An excursion train was run by the South Eastern Railway Company, on the 21st instant, to take passengers from Dover and the neighbourhood, as well as from other parts of the railway, to the Crystal Palace; and one of that Company's inspectors was sent down for the express purpose of taking charge of it. When the excursion train arrived at Ashford, the number of passengers was so great that the inspector found it necessary to divide it into two portions ; and, having divided it, he sent forward the first half, remaining, himself, to prepare, and proceed with the second portion. The second portion left Ashford 20 minutes after the 1st portion, and, after remaining for 8 minutes at the Redhill Junction, started again at 12.38 for the Crystal Palace. Unfortunately, however, in passing the Croydon station, it ran into a ballast engine, which had just been taking water at a crane, which is situated 153 yards to the south of the north semaphore signal; and, as the portion of the line on which this happened was curved, the engine of the excursion train, and the break van next to it, were thrown of the line by the effect of centrifugal force, on the outside of thc curve, when the engine turned over on its side, and the carriages, thus suddenly stopped, ran against each other-those in the rear against those which were in front-and against some ballast wagons, which were standing on a neighbouring siding. The leading carriages were, in this manner, so broken up that three of the passengers have lost their lives, and at least eleven others received injuries, some of them of a most serious nature.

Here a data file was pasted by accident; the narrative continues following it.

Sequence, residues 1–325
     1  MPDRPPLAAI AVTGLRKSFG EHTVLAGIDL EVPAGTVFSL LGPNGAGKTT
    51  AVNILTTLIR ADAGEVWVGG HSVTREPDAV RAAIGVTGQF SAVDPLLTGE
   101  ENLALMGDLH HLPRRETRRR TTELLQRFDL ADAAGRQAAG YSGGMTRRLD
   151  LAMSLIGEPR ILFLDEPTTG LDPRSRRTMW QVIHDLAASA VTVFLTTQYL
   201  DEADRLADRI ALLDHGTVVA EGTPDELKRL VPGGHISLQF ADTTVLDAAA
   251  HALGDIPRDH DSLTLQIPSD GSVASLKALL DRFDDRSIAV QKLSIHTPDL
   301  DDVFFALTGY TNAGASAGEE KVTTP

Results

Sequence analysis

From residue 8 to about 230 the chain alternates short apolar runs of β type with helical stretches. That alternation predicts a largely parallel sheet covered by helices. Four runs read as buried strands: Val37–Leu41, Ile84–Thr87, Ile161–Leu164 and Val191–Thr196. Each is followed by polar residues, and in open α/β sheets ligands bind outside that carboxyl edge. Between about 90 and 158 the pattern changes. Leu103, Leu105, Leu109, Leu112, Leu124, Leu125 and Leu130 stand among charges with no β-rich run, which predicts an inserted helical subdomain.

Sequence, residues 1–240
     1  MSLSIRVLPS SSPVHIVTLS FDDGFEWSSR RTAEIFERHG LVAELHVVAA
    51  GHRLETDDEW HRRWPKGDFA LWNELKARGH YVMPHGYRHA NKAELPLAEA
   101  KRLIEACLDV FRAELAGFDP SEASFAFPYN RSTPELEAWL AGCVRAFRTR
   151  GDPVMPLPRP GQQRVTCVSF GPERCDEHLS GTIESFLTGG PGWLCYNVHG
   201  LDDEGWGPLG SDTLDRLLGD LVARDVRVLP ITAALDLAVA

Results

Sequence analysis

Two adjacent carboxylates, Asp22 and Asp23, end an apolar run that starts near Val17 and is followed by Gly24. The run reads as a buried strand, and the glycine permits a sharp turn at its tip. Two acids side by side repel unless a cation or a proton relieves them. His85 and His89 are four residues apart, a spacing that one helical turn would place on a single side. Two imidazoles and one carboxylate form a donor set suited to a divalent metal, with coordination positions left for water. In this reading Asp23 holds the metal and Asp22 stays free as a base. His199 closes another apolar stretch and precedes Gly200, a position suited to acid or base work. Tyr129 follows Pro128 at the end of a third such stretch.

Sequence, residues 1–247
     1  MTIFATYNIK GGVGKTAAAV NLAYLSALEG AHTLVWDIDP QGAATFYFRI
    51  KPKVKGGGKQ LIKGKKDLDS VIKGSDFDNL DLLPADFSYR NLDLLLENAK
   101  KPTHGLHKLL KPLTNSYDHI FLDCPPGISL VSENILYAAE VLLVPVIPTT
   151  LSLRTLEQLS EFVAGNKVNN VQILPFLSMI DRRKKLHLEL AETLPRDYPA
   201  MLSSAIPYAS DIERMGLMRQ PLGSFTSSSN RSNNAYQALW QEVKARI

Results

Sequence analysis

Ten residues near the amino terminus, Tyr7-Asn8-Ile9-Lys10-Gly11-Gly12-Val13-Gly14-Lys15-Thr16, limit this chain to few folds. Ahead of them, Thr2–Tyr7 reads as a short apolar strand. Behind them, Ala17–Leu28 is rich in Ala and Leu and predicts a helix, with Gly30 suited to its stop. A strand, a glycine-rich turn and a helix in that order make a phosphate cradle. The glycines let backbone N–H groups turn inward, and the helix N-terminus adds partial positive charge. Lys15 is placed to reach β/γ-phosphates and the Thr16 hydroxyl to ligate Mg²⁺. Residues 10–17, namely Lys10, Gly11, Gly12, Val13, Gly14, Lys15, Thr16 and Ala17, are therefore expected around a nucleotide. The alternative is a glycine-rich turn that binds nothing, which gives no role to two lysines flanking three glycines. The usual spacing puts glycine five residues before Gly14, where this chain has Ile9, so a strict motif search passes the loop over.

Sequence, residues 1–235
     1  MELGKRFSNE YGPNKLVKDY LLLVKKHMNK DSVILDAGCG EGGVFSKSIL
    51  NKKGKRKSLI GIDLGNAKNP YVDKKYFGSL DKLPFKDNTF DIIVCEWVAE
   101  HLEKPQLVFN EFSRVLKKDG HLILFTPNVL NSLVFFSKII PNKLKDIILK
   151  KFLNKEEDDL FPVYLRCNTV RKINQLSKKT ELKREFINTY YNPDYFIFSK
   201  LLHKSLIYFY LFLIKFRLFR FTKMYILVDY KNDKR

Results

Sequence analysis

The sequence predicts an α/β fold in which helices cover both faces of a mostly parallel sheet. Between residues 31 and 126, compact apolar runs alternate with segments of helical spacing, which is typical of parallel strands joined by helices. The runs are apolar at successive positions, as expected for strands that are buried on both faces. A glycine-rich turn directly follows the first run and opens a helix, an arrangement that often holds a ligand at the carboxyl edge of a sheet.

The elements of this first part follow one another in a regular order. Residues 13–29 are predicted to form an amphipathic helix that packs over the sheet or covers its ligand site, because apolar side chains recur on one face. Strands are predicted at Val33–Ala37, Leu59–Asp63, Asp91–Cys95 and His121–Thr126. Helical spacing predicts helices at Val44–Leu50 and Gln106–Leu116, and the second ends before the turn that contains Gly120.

I will now proceed to investigate the circumstances which led to this melancholy result.